Japanese Automakers Recall Over Three Million Cars Due to Risk of Airbags Exploding

Carmaker logosSeveral of Japan’s largest carmakers announced on Thursday, April 11th, the recall of 3.4 million vehicles because of a defect in the passenger side airbags. According to a recent news release posted by American Honda, “it is possible that the passenger front airbag inflators in affected vehicles may deploy with too much pressure, which may cause the inflator casing to rupture and could result in injury.” The recall affects top-selling Japanese cars including, but not limited to, the Toyota Corolla and Camry, the Nissan Maxima, and the Honda Civic and Odyssey. Both Honda and Toyota have received reports of incidents where the airbag deployed under pressure and the casing ruptured. However, there have been no reports of injuries or deaths.

The airbags were supplied by Japan’s Takata Corporation, a company that supplies airbags and seatbelts to many of the major automobile manufactures, including Toyota, Honda, Nissan, Mazda and Ford. According to news releases, all of the vehicles covered by the recall are model years 2000 to 2003. Toyota is expected to recall over 1.7 million cars manufactured between 2000 and 2004 that were sold in North America and Europe. Honda is recalling about 1.14 million vehicles, Nissan is recalling 480,000 vehicles, and Mazda is recalling 45,500 cars, all sold worldwide.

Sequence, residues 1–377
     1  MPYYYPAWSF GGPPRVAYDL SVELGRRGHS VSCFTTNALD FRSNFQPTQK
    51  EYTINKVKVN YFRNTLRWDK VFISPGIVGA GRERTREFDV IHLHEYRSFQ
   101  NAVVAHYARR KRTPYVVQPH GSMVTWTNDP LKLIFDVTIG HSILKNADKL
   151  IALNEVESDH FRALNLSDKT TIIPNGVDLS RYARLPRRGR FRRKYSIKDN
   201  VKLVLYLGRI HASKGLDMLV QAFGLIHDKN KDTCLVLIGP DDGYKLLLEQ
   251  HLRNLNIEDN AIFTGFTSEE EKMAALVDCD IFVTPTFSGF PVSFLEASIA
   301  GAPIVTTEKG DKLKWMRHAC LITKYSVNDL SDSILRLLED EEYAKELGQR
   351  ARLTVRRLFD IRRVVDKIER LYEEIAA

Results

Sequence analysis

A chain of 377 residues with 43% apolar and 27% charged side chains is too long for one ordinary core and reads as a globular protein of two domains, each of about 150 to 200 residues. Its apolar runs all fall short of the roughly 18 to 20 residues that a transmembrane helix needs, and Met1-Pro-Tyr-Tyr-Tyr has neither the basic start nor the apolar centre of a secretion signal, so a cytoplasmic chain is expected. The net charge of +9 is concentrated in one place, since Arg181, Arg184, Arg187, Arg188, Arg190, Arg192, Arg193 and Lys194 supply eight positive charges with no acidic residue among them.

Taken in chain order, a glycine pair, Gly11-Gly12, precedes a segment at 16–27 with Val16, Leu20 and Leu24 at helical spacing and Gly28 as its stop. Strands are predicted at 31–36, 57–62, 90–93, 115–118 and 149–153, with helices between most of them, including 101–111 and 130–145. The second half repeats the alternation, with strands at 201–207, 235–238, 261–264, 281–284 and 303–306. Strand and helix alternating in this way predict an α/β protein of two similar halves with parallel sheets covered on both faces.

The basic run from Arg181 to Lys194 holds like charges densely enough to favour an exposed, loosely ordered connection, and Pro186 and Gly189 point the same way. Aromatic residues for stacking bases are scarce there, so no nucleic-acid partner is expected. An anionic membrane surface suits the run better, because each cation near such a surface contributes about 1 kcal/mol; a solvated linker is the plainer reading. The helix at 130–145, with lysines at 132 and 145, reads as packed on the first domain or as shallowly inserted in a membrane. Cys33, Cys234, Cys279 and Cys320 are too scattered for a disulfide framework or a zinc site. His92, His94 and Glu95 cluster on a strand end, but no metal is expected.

Consumers can find out if their Toyota or Honda is affected by the recall by going to the company’s  website and entering the vehicle identification number.

Source: U.S. News & World Report, April 11, 2013; Reuters, April 11, 2013


Proposed Legislation to Require Connecticut Workers’ Compensation Benefits to Include Coverage for PTSD

CT General Assembly logoFollowing the Newtown school tragedy, a number of emergency response workers and teachers were unable to return to work because of the emotional repercussions of what they witnessed at the scene. In response, the Connecticut Labor & Public Employees Committee introduced Senate Bill No. 823, “An Act Concerning Severe Mental or Emotional Impairment and Workers’ Compensation Coverage”.  The legislation would amend the Connecticut workers’ compensation laws to allow for claims based on emotional trauma. The current law limits workers’ compensation claims to workers who suffer physical injury. If the physical injury also results in emotional pain and suffering, the claimant may also collect for these injuries. The amendment, if passed, will most likely restrict claims based on emotional trauma to employees who are exposed to death or maiming while at work.

The Connecticut Office of Legislative Research provides the following summary of the pending legislation:

“This bill makes an employee eligible for workers’ compensation benefits if:

1. the employee’s employment caused the employee to witness the death or maiming, or immediate aftermath of the death or maiming, of at least one person;

2. the death or maiming was caused by an intentional act of another person, and not a natural cause; and